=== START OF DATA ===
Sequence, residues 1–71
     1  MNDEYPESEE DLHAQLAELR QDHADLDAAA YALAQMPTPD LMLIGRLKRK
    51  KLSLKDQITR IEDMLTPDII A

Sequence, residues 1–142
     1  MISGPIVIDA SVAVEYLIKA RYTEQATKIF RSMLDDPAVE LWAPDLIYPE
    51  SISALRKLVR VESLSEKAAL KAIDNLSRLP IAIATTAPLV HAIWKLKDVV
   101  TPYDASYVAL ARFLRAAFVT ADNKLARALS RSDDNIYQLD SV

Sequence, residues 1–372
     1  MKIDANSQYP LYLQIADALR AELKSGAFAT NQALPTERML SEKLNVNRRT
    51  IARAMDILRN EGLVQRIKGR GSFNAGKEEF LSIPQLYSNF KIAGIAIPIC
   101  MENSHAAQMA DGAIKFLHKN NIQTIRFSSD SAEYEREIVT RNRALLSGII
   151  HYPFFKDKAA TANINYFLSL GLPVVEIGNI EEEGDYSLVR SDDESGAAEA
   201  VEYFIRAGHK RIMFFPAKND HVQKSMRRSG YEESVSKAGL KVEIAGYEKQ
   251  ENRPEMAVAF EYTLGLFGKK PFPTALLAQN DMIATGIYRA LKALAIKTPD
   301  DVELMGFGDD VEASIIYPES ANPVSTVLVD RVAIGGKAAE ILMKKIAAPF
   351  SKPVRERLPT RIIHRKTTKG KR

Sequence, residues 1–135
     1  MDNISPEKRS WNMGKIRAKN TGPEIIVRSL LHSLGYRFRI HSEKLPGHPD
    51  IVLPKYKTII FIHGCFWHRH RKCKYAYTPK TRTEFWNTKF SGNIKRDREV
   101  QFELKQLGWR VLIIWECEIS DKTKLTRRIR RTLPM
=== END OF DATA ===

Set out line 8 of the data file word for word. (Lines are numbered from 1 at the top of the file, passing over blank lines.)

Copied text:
Sequence, residues 1–372